We next tested whether Tyr-529 is a major phosphorylation site of Src, along with the other two most frequent phosphorylation sites of RSK2 by Src or Fyn, Tyr-488 and Tyr-707 as controls, which were identified by mass spectrometry-based studies (Table 1). We performed Western blotting experiments to determine whether mutation at Tyr-488, Tyr-529, or Tyr-707 would significantly decrease the tyrosine phosphorylation levels of RSK2 by Src. The results showed that Tyr-488 is a major site of Src but mutations at Tyr-529 or Tyr-707 did not significantly decrease Src-dependent tyrosine phosphorylation of RSK2 (Fig. 4C). However, we have previously characterized the Tyr-488 site that is also phosphorylated by FGFR3 (14), and substitution of Tyr-488 did not affect RSK2 activation. In contrast, mutation at Tyr-529 significantly attenuated RSK2 activation, suggesting that Tyr-529, but not Tyr-488, contributes to regulation of RSK2 activation (14).
We next tested whether Src is involved in EGF-dependent Tyr-529 phosphorylation of RSK2. Indeed, as shown in Fig. 5, treatment of PP2, an inhibitor of Src family members, effectively decreased the phosphorylation level of RSK2 at Tyr-529 in response to EGF in 293T cells, as well as activation of RSK2 as assessed by the attenuated Ser-386 phosphorylation. Similar results were obtained using COS7 cells (data not shown). Together, these data suggest that Src tyrosine kinase family members are downstream signal transducers of EGF and involved in EGF-dependent tyrosine phosphorylation at Tyr-529 and activation of RSK2.
Next we examined whether Src- or Fyn-dependent RSK2 Tyr-529 phosphorylation occurs in cells. By using the specific phospho-RSK2 antibody (Tyr-529), we observed that GST-tagged RSK2 WT, but not Y529F mutant, were specifically tyrosine-phosphorylated at Tyr-529 in 293T cells expressing constitutively activated SrcA or FynA (Fig. 6).
We then determined whether Src or Fyn phosphorylates RSK2 directly at Tyr-529 or indirectly by activating other tyrosine kinases. Purified recombinant rRSK2 CTD or CTD Y529F proteins were incubated with recombinant active Src or Fyn (rSrc or rFyn, respectively) that are constitutively activated (Invitrogen). As shown in Fig. 7, wild-type RSK2 CTD domain was highly tyrosine-phosphorylated at Tyr-529 by rSrc or rFyn, whereas Tyr-529 phosphorylation was abolished in the RSK2 CTD Y529F mutant.
We next tested whether the tyrosine phosphorylation of RSK2 at Tyr-529 by Src precedes the inactive ERK binding to RSK2. We performed a GST pulldown assay in which the bead-bound GST-tagged RSK2 WT or Y529F mutant proteins were first dephosphorylated by protein tyrosine phosphatase to remove tyrosine phosphorylation and then treated with recombinant active rSrc, followed by incubation with U0126-treated 293T cell lysates. As shown in Fig. 8A, Tyr-529 phosphorylation was reconstituted in GST-RSK2 along with increased inactive ERK binding upon Src treatment compared with GST-RSK2 in the absence of Src treatment. However, substitution of Tyr-529, but not Tyr-488, abolished Src-dependent Tyr-529 phosphorylation and resulted in decreased ERK binding to Y529F mutant, compared with RSK2 WT and the control Y488F mutant in the presence of Src (Fig. 8B). We have previously demonstrated that the global structure as well as the intrinsic kinase property of the Y529F mutant protein were not altered compared with RSK2 WT and thus the decreased inactive ERK binding of RSK2 Y529F mutant is not due to structural alterations (14).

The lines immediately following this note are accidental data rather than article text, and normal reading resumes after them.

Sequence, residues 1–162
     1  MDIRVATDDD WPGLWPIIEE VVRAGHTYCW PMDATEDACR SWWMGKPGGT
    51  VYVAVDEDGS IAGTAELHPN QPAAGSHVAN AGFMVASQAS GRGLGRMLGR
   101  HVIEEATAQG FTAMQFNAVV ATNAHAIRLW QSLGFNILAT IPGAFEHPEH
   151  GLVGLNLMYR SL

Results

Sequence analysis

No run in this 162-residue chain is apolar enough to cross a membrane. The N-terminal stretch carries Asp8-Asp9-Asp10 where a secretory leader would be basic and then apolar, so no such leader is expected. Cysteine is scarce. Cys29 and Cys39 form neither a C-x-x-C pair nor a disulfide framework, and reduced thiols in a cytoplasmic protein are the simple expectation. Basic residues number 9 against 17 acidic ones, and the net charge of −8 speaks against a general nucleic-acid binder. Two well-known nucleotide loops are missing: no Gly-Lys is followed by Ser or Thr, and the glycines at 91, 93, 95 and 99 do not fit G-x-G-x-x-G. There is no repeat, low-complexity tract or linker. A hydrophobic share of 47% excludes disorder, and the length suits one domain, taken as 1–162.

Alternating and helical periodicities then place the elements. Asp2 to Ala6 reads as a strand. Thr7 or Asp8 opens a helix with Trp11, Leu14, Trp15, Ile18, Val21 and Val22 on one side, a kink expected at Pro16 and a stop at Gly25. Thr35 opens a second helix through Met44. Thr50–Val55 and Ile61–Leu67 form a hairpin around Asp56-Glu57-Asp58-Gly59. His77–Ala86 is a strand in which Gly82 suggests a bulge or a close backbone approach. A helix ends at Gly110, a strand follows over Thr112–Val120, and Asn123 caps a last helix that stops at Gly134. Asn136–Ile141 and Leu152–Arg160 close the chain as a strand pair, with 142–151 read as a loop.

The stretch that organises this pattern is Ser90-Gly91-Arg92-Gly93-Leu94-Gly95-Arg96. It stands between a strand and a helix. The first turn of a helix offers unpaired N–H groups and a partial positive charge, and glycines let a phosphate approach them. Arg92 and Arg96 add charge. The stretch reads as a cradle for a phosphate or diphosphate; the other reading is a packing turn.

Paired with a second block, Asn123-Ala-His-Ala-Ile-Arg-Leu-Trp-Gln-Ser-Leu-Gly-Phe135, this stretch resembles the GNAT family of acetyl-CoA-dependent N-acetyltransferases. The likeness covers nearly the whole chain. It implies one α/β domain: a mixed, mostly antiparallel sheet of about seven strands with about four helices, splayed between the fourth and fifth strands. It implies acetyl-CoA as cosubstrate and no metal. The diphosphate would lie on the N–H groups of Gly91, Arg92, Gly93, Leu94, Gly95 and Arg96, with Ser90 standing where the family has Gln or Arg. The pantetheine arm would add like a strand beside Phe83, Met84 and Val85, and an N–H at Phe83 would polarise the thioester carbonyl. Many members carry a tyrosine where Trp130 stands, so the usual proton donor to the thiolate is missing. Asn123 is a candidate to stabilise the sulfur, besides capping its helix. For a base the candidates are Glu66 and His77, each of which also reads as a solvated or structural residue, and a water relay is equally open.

Together, our data support a novel model composed of a series of sequential events by which EGF activates RSK2 and mediates mitogenic signals in mammalian cells. The first event involves tyrosine phosphorylation at Tyr-529 of RSK2 by Src family members including Src or Fyn, but not EGFR, in response to EGF, which facilitates binding of the inactive form of ERK to RSK2 in the initial step of ERK-dependent RSK2 activation (Fig. 9). This binding, which is required for phosphorylation and activation of RSK2 by ERK, in turn promotes the next step where ERK is activated via the Ras/Raf/MEK/MAPK pathway downstream of EGF, leading to ERK-mediated phosphorylation and activation of RSK2. When RSK2 is activated, active ERK readily dissociates from RSK2 (11) (Fig. 9).
Our findings suggest that tyrosine phosphorylation of RSK2 at Tyr-529 in response to EGF is mediated indirectly by Src tyrosine kinase family members, not directly by the activated receptor tyrosine kinase EGFR. In contrast, FGFR3 directly phosphorylates RSK2 at Tyr-529, and this phosphorylation is independent of Src due to our observation that treatment of Src inhibitor PP2 had no effects on FGFR3-dependent tyrosine phosphorylation of RSK2 at Tyr-529 in cells (data not shown).
Thus, tyrosine phosphorylation at Tyr-529 of RSK2 might represent a general mechanism for ERK-dependent activation of RSK2 in response to the mitogenic stimuli, including EGF. Tyrosine phosphorylation at Tyr-529 may provide an additional docking site to promote the binding of inactive ERK to the C terminus of RSK2, or stabilize such binding. Further detailed structural studies are warranted to illuminate this process.
*This work was supported in part by National Institutes of Health Grant CA120272 (to J. C.) and by the Multiple Myeloma Research Foundation (to J. C. and S. L.). The costs of publication of this article were defrayed in part by the payment of page charges. This article must therefore be hereby marked “advertisement” in accordance with 18 U.S.C. Section 1734 solely to indicate this fact.
2The abbreviations used are: EGF, epidermal growth factor; MEK, mitogen-activated protein kinase/extracellular signal-regulated kinase kinase; ERK, extracellular signal-regulated kinase; CREB, cyclic AMP-responsive-binding protein; RSK, ribosomal S6 kinase; CTD, C-terminal kinase domain; GST, glutathione S-transferase; HA, hemagglutinin; WT, wild type; MAPK, mitogen-activated protein kinase; FGFR3, fibroblast growth factor receptor 3.